The program’s development occurred over the course of almost five years, drawing on the expertise of former and current faculty. Faculty teaching in the program this fall include Jody Myers, professor of religious studies and Jewish studies, who teaches a course called “Israel’s History and Peoples,” journalism professor Melissa Wall, and art history professor Owen Doonan.
Students who have signed up to pursue the minor in Middle Eastern and Islamic studies are majoring in fields such as history, political science, anthropology, liberal studies, Jewish studies, journalism and religious studies.
Participating departments in the interdisciplinary program include modern and classical languages and literatures, religious studies, sociology, history, gender and women’s studies, anthropology, Asian American studies and political science, said Elizabeth Say, dean of CSUN’s College of Humanities.
Tohidi is eager and excited to invite the campus and surrounding communities to participate in the upcoming free programs. The plans include hosting visiting professor Mehrangiz Kar, a prominent Iranian dissident in exile who is based in Washington, D.C.
“She’s a phenomenal and amazing woman,” Tohidi said. “She was put in jail for a while [in Iran]. She’s also a friend of Shirin Ebadi, the Nobel laureate (recipient of the 2003 peace prize). I’m so fortunate that they both have been my inspiring friends since before they got so prominent. I knew them through their writings, and we had common cause — we worked together for women’s rights. When [Kar] got arrested, I was her international advocate.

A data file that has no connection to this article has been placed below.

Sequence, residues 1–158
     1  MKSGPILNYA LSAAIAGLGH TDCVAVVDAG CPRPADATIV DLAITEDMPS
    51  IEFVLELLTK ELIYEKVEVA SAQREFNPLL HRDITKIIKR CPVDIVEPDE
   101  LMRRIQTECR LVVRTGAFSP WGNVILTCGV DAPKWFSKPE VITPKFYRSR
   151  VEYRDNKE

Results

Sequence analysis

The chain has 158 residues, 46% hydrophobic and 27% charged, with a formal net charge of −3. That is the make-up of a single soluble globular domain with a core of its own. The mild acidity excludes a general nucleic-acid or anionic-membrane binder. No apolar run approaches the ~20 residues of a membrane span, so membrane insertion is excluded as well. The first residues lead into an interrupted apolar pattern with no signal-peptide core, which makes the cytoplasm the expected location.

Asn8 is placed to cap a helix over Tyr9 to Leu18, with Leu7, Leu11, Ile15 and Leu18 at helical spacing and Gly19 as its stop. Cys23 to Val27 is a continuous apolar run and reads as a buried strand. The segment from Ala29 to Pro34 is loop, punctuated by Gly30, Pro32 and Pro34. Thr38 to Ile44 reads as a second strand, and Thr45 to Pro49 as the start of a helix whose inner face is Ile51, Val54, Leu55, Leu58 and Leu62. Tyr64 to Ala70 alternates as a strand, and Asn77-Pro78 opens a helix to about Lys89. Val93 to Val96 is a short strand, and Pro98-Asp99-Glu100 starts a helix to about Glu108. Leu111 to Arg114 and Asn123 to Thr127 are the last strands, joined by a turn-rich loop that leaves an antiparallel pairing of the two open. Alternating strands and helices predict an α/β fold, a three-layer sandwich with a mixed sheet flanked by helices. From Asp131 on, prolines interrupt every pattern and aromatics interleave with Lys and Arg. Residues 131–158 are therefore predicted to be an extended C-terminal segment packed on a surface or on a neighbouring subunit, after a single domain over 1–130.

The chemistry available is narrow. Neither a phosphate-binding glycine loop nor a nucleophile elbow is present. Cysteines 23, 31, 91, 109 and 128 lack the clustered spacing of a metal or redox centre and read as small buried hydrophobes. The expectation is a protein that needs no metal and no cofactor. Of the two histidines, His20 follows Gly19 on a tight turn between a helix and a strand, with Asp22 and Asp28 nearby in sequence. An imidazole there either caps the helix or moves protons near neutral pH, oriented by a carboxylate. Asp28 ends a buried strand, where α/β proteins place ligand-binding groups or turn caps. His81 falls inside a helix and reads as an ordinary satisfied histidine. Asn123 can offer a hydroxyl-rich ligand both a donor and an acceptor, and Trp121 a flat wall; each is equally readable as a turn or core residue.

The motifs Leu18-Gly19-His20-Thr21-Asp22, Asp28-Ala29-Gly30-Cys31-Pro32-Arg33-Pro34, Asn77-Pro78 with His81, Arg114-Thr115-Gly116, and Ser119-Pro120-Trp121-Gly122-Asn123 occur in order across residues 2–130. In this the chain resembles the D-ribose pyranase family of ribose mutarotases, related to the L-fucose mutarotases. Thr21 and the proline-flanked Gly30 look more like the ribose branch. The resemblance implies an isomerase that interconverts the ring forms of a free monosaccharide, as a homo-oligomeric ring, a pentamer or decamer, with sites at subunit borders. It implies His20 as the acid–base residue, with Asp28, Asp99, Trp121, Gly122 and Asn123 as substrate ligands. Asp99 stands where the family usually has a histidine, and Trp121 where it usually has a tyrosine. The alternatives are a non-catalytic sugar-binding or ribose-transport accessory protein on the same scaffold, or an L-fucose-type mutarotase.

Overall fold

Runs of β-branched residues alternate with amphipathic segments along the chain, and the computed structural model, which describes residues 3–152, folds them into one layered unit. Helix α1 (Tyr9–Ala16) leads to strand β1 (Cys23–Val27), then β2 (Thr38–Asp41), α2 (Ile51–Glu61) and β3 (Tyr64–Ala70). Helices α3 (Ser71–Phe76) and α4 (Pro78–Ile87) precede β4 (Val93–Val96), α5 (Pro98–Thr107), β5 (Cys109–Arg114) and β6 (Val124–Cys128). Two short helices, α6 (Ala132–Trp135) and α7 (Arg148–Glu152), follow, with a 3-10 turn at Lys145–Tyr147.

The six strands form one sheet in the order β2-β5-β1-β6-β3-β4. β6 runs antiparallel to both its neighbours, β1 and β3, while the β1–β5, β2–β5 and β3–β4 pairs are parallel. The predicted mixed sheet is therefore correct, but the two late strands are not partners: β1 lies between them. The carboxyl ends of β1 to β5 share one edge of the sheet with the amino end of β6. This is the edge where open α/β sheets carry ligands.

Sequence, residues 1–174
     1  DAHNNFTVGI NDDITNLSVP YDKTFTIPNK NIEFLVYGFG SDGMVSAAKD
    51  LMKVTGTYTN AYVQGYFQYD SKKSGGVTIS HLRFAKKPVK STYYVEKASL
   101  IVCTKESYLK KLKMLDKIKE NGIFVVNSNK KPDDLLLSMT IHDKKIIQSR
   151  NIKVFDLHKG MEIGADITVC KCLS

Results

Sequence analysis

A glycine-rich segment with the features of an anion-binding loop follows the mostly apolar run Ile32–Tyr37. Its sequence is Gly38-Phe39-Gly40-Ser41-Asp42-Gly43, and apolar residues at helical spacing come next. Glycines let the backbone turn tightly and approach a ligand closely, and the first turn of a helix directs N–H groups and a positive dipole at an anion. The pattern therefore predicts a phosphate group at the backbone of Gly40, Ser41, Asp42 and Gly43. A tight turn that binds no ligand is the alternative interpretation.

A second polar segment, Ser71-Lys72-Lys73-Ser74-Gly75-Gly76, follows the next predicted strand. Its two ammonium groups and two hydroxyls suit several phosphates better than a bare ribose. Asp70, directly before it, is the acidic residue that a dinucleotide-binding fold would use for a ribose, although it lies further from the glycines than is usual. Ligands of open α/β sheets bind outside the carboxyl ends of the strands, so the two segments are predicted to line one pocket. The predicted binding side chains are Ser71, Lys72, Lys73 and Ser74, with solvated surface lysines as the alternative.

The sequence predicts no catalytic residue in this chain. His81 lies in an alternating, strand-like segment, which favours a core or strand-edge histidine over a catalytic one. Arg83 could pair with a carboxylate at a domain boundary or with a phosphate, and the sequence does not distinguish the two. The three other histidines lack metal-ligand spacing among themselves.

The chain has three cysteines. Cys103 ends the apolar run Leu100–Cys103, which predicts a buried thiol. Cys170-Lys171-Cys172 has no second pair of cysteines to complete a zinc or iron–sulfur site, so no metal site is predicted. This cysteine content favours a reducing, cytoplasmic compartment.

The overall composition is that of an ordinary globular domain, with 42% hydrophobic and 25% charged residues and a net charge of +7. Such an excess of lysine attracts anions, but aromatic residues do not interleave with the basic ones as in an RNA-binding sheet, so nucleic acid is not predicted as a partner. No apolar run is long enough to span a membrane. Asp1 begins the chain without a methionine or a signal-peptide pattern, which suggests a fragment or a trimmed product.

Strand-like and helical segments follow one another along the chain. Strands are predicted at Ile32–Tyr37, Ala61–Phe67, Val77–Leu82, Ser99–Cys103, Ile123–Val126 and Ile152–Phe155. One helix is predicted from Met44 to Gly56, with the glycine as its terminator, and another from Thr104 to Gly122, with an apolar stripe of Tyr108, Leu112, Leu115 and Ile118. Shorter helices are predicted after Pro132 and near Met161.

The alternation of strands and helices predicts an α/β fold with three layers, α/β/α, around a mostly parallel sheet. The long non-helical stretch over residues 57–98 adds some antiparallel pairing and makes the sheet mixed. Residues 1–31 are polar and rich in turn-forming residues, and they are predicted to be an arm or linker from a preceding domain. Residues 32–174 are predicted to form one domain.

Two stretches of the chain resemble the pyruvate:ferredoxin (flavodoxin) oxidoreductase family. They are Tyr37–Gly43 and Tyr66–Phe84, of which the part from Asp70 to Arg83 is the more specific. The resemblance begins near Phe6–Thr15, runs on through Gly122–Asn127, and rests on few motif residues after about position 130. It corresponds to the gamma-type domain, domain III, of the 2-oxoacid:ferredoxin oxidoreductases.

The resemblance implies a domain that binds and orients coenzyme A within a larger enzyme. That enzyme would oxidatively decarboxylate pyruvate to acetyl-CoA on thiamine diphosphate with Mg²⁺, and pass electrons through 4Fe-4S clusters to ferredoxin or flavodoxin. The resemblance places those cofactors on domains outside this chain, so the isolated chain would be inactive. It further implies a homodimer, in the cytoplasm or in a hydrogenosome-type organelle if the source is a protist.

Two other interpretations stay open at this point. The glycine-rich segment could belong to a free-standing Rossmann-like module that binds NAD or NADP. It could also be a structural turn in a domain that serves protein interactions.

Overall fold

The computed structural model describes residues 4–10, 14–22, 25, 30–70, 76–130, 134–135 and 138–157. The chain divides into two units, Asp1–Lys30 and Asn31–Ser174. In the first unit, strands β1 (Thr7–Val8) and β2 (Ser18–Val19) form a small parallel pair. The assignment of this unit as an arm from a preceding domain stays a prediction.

“We’re hoping for [Kar] to teach one small, graduate seminar and give a few public lectures at CSUN, which would attract both Iranians and non-Iranians. She also would be a good point of convergence for some potential donors for the university to establish a foundation. That’s among my dreams: a foundation to help scholars who are in exile, who are at risk because of their advocacy for human rights. Maybe through our university, we can establish such a foundation specifically for Iranian scholars.”
Tohidi’s teaching and research at CSUN have been enriched by her travels and speaking at international conferences. She serves on the working group for the Nobel Women’s Initiative, founded by Ebadi and Jody Williams.
“They have biennial conferences, and I went to a few of them including the ones in Ireland and Guatemala,” Tohidi said. “I met Mairead Maguire and Betty Williams,” who shared the 1976 Nobel Peace Prize for their work to end sectarian violence in their native Northern Ireland. “They were telling us how hard it was, and how patient they had to be — to bring about a just peace is a long process.
“That’s what Muslim women advocates for non-violence and peace should also be doing. There are some who actually are trying, both faith-based groups and secular ones. Many Muslim feminists have been subverting the old patriarchal systems from within, by highlighting non-violent and egalitarian components of the tradition and constructing modern, democratic and feminist interpretations of religion.”
With the MEIS minor and more campus events open to the community this fall, Tohidi said, CSUN professors and administrators hope to broaden Americans’ understanding of Islamic cultures and Muslim communities — here at home, and perhaps at the original crossroads.